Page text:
After watching the French-horror thriller "THEM" a few months ago, I didn't really have high hopes for this supposed "based" on true events film: "THE STRANGERS". If this isn't a remake, it certainly has strong similarities. (Maybe this was also based on the incident in Romania?) "Them" came out around 2006, if this was written before, what took it so long to be made? The quality of the film doesn't reflect anything special to cause a delay in its release. The French film was based on true events that happened in Romania; "Them" was full of atmosphere and the actors portrayed a very panicked couple who were trying to survive. "The Strangers" is no different, very similar premise--with a slightly different screenplay, comparisons will be made and this film gives a feeling of Deja Vu. So how does it compare to the French Horror thriller?
A young couple, James and Kristen (Scott Speedman and Liv Tyler respectively) goes to a summer house after attending a wedding for a little "R & R". Apparently their "love" had become strained due to the fact that Kristen had rejected James' proposal. The two are quite uncomfortable around each other with James acting embarrassed about the whole thing. The two thought that they could try to reconnect with each other this evening, little do they know that this may become their most horrific night together as the summer house is assaulted by "The Strangers"…
I had mixed feelings about "Them", but I can very well say that the French original is a lot better than this film. This film would have done a lot better if it just matched the original shot for shot, and avoided any attempts at another screenplay. There isn't much that happens in "The Strangers" and while I do accept the idea of one night--a couple--in a big house--attacked by home invaders--the film resorted to the usual weaknesses that made horror films so filled of cliché.
The usual clichés are present in this film; very idiotic decisions, panicked reactions that doesn't make any sense and antagonists that "toy" with their victims. At least, in "Them" the couple were making credible attempts to survive; in this remake, James and Kristen seem to be just waiting for their death. Sure, the antagonists were probably "spooking" them out, but all their reactions did not make sense. The antagonists also seem like they're super-powered the way they keep on disappearing like ninjas. All the potentially "good" decisions were abandoned so the film can get to where it wanted to go. Talk about "Lambs to the Slaughter"…
Now, I can ignore clichés as long as the film knows where it is going but here, the antagonists spend a very significant amount of time standing around, walking the house and trying to intimidate --writing notes in walls and windows with red (I assume either lipstick or paint) the film just dawdles too much in trying to be creepy that it lost all elements of realism. (This is supposed to be based on a real story, right?) The lack of character development may be ignored so long as one can relate to the characters, when the viewer is immersed in the proceedings. The antagonists are all wearing masks that look rather silly and one look at those masks you'd know their intentions were obviously hostile. "Them" had it right with the hooded sweaters and the trickery with the shadows. Director Bryan Bertino definitely wanted to add some nice visuals and plays on ambiguity to try to make the film disturbing.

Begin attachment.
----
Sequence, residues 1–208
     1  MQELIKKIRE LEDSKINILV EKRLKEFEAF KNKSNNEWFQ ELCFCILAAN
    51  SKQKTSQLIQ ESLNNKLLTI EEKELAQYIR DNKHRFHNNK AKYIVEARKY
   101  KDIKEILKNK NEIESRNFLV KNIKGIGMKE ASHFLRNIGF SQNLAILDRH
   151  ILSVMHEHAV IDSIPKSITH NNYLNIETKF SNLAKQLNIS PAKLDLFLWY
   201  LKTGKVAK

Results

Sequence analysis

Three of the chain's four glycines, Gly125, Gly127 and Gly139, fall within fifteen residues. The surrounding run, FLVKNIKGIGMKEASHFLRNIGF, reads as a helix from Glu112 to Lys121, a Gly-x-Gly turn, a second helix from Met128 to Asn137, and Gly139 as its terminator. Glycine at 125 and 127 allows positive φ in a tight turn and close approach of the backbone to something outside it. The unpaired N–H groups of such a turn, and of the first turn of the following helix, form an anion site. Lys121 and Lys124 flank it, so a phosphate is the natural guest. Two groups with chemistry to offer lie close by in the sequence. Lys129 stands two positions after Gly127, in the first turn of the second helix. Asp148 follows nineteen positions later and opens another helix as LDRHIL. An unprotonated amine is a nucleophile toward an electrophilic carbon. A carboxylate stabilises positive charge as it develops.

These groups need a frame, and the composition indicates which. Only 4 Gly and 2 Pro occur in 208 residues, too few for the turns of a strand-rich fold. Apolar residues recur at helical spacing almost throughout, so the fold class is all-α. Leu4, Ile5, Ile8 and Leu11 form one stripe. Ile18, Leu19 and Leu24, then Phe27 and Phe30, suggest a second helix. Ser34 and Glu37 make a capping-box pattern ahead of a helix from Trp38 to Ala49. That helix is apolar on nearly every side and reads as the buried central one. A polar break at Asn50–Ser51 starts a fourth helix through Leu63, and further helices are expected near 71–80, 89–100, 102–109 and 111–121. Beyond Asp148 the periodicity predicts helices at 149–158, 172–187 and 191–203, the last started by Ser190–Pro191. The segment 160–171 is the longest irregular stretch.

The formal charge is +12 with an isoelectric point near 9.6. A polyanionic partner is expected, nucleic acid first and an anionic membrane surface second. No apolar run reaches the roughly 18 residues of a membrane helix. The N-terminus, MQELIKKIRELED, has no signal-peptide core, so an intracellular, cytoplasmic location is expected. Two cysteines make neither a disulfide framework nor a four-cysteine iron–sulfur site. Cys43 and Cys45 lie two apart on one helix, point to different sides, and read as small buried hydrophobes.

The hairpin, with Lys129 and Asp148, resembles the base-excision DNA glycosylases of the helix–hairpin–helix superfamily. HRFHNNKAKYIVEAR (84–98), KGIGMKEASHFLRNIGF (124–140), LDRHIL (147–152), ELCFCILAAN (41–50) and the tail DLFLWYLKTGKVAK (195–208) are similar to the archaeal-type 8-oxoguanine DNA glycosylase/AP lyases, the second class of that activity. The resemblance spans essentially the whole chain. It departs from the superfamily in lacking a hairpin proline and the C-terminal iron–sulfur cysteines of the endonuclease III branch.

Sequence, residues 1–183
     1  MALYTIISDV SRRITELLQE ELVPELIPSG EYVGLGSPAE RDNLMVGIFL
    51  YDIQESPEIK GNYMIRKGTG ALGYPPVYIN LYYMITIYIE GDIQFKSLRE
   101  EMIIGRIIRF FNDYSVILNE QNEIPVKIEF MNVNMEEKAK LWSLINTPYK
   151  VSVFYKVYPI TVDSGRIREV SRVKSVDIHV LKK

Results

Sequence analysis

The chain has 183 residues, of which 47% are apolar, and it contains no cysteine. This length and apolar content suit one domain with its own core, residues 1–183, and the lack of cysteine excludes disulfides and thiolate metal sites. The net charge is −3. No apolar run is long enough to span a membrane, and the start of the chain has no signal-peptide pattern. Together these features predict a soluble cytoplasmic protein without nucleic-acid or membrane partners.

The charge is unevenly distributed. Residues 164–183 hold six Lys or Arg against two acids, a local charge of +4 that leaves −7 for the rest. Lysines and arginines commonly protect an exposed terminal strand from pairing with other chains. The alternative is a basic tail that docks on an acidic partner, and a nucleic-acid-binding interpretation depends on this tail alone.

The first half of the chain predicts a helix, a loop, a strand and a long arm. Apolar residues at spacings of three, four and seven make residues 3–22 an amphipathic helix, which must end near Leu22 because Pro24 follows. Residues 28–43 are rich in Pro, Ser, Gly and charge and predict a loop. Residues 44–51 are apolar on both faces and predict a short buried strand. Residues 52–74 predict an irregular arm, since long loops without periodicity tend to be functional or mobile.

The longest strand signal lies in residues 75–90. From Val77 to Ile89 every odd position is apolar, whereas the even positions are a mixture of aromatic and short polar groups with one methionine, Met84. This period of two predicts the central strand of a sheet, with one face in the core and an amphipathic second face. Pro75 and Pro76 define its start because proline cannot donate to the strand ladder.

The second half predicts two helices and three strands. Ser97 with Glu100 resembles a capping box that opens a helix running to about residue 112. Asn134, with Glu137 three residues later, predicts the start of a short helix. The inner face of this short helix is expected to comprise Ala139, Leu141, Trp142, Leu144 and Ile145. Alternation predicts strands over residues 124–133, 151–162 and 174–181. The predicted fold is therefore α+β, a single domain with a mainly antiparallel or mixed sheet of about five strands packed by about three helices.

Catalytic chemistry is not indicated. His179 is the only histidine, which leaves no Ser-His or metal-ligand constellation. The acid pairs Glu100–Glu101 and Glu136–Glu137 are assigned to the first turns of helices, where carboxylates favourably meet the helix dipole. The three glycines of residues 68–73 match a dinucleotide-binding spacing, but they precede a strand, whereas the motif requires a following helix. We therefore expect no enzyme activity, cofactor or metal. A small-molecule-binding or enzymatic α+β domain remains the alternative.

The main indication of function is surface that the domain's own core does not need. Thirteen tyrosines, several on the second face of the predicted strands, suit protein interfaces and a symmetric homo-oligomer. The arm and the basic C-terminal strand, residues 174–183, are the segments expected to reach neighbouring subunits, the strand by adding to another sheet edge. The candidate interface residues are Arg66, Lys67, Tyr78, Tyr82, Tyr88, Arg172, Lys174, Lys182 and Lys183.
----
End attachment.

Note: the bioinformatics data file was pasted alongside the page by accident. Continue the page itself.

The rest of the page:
To its credit, the performance by Liv Tyler was quite good and she managed to show a lot of emotion. Scott Speedman had so little to work with, so I couldn't really say if his performance was bad or not. The "strained" romance thing does add some empathy to our characters. I was somewhat pleased that they weren't the usual happy couple. The film's cinematography is also quite atmospheric, although some elements looked too polished to really be claustrophobic. There were some intense moments that managed to give an unnerving feeling but the unsteady suspense just lost a lot of its "punch". The film is just based on clichés and idiocy, it is difficult to promote suspense when the build up is based on these formulas.
I do think this film would have done better without the "based on true events" gimmick. The "true events" thing will have to be met by realism and once you don't see that one defining factor, no matter how good the set-ups are, you may just fail. The film is supposed to be violent and disturbing, but for some reason, it felt oddly "tame" and irrelevant. Bertino's attempts for suspense relied too much on cheap scares and a spooky sound effects. The director ends up relying on overused genre mechanics that overstays its welcome.
For a film supposedly based on "true" events, "The Strangers" just falls flat. It even lacked the original's disturbing finale. The film would have been better off billed as a "slasher" flick than an involving horror drama that supposedly hits closer to home.
The dvd's unrated version clocks in 87 minutes while the theatrical version is at 85 minutes. Both versions are in the dvd. The extra two minutes of running time is on James' additional seconds of shooting and Kristen drags herself on the floor, for more of a "tormented" effect.
RENTAL [2 Stars]
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